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Genetics. 2008 Mar;178(3):1505-15. doi: 10.1534/genetics.107.083691. Epub 2008 Feb 1.

Population genetic analysis of the N-acylsphingosine amidohydrolase gene associated with mental activity in humans.

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  • 1Department of Biosystems Science, The Graduate University for Advanced Studies, Hayama, Kanagawa 240-0193, Japan.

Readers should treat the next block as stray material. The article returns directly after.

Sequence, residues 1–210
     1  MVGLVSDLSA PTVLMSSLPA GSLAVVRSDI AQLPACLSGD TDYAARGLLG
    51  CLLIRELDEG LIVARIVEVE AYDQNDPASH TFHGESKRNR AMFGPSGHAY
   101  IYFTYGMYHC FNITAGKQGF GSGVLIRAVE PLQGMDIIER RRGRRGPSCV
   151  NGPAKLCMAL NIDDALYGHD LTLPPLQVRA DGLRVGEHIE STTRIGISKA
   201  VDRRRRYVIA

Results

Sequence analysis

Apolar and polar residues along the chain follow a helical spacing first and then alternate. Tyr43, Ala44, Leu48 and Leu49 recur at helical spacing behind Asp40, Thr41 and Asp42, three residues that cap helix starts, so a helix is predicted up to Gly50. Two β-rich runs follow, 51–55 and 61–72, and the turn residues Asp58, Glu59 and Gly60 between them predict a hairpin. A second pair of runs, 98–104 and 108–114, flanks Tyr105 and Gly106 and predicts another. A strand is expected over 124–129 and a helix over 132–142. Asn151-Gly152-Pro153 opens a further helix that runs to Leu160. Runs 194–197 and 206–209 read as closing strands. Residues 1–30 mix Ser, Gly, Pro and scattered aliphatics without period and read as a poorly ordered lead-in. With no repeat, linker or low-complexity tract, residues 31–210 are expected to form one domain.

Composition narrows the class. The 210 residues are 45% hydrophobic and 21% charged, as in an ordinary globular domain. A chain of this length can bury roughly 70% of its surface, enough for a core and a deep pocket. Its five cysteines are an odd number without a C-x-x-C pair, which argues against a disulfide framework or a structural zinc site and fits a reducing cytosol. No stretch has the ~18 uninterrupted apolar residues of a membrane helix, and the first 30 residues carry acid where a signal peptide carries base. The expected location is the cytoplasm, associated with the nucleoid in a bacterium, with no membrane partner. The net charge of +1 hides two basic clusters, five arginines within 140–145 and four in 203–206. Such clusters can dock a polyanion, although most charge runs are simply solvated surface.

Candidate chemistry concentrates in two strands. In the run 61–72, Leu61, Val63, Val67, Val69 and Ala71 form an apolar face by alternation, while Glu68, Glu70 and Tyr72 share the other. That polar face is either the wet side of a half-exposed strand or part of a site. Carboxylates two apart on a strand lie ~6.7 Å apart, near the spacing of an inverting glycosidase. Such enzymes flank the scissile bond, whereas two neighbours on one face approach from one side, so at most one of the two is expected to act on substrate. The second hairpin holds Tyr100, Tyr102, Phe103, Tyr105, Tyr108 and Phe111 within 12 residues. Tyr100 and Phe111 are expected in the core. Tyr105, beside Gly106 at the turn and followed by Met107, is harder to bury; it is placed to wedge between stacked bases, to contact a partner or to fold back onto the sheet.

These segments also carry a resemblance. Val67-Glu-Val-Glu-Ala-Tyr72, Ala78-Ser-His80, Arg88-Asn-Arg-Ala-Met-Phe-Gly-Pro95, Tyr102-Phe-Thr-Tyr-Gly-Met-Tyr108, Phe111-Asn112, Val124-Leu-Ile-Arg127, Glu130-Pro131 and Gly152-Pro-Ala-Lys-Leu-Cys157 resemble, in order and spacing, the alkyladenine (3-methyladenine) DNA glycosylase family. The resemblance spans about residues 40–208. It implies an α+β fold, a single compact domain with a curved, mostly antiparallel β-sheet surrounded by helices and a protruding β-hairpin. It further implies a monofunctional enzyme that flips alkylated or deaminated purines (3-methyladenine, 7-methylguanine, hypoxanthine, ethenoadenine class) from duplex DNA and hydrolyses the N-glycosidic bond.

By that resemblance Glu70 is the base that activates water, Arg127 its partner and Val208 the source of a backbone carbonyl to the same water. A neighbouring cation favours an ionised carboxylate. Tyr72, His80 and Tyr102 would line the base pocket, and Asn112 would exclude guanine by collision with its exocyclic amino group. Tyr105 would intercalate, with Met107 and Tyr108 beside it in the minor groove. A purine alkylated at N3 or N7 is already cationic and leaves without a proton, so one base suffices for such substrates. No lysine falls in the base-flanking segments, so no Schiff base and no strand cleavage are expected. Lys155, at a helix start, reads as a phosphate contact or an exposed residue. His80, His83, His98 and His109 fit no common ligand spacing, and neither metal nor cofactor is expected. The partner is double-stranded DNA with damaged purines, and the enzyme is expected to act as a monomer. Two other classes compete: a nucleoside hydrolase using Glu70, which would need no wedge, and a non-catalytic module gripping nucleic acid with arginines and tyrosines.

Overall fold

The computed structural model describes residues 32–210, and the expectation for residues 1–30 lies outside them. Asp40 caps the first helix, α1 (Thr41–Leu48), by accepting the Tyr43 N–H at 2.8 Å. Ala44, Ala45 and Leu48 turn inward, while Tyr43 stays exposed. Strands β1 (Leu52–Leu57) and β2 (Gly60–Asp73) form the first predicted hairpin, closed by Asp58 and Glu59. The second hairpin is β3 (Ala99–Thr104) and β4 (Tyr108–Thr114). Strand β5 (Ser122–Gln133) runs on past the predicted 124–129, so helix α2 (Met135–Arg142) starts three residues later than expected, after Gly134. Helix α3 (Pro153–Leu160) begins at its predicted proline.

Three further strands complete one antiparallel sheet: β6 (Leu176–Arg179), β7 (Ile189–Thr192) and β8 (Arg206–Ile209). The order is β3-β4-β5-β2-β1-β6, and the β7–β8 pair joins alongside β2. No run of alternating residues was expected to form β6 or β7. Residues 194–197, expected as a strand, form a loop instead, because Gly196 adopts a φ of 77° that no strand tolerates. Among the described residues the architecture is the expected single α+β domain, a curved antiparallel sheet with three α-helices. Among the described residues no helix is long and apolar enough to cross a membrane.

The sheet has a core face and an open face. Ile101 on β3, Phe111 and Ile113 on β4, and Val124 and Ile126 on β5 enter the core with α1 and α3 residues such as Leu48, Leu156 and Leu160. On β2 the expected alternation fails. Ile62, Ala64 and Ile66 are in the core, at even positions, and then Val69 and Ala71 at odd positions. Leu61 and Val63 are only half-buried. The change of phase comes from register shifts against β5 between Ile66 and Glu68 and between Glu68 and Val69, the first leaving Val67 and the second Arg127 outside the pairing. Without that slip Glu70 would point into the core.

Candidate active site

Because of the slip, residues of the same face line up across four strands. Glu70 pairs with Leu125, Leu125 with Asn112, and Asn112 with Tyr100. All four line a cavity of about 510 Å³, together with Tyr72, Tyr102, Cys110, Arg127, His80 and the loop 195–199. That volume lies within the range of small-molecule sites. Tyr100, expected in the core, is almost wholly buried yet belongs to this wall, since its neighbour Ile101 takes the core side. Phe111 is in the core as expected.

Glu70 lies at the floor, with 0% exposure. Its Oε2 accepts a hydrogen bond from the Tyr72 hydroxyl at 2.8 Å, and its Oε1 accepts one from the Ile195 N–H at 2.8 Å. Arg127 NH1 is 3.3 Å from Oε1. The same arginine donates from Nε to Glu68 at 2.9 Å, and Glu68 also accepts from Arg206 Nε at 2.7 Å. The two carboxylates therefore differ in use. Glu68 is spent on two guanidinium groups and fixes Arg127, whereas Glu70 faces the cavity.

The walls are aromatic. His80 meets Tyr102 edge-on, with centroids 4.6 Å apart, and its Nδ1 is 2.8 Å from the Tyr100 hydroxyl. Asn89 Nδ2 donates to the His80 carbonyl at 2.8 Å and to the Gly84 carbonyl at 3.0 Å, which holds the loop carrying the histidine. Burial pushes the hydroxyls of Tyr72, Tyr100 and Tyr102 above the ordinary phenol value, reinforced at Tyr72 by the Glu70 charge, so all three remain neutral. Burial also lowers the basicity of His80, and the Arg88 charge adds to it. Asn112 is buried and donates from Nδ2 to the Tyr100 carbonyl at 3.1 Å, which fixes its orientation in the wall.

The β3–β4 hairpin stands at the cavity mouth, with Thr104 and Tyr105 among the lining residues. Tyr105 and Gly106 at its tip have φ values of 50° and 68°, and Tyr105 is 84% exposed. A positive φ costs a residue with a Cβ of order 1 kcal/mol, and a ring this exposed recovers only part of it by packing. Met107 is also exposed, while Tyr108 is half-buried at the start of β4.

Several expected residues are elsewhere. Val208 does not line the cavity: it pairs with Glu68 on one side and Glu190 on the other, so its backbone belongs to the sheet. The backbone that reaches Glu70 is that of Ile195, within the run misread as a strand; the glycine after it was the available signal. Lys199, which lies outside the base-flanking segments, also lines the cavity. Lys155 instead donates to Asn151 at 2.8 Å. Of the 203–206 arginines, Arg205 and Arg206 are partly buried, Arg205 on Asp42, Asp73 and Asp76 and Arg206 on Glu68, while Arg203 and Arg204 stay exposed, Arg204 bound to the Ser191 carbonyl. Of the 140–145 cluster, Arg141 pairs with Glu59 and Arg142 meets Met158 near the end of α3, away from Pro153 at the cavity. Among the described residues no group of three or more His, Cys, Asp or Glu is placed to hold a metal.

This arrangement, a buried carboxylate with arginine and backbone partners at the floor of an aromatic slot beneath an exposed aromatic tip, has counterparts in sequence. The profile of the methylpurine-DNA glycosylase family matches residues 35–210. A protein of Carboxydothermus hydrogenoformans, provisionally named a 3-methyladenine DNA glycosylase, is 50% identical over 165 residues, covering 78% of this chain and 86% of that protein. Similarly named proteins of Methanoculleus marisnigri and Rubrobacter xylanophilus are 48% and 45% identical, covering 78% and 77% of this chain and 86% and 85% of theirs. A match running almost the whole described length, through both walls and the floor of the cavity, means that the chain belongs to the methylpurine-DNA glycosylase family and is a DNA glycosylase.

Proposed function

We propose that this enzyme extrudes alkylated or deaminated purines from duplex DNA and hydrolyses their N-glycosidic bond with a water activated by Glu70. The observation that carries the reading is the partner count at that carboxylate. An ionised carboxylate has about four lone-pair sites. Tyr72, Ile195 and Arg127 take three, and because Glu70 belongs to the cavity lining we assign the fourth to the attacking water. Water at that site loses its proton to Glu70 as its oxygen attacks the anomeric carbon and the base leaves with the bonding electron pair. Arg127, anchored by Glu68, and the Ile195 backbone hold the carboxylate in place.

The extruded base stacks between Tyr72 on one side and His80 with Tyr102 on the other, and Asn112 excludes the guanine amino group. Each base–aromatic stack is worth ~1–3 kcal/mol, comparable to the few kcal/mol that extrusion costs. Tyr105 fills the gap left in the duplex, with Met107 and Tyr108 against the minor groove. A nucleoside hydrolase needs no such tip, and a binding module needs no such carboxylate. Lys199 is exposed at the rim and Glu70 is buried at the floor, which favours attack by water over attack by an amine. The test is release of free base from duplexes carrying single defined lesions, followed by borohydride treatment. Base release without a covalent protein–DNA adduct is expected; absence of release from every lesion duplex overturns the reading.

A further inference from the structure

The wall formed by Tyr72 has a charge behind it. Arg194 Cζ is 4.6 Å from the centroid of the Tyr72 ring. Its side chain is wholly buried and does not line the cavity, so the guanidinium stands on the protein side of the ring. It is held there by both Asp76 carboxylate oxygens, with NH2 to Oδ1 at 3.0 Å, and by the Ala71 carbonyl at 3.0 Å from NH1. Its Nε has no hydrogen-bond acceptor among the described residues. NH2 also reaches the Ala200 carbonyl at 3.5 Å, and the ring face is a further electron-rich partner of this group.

To understand the evolution of human mental activity, we performed population genetic analyses of nucleotide sequences ( approximately 11 kb) from a worldwide sample of 60 chromosomes of the N-acylsphingosine amidohydrolase (ASAH1) gene. ASAH1 hydrolyzes ceramides and regulates neuronal development, and its deficiency often results in mental retardation. In the region ( approximately 4.4 kb) encompassing exons 3 and 4 of this gene, two distinct lineages (V and M) have been segregating in the human population for 2.4 +/- 0.4 million years (MY). The persistence of these two lineages is attributed to ancient population structure of humans in Africa. However, all haplotypes belonging to the V lineage exhibit strong linkage disequilibrium, a high frequency (62%), and small nucleotide diversity (pi = 0.05%). These features indicate a signature of positive Darwinian selection for the V lineage. Compared with the orthologs in mammals and birds, it is only Val at amino acid site 72 that is found exclusively in the V lineage in humans, suggesting that this Val is a likely target of positive selection. Computer simulation confirms that demographic models of modern humans except for the ancient population structure cannot explain the presence of two distinct lineages, and neutrality is incompatible with the observed small genetic variation of the V lineage at ASAH1. On the basis of the above observations, it is argued that positive selection is possibly operating on ASAH1 in the modern human population.

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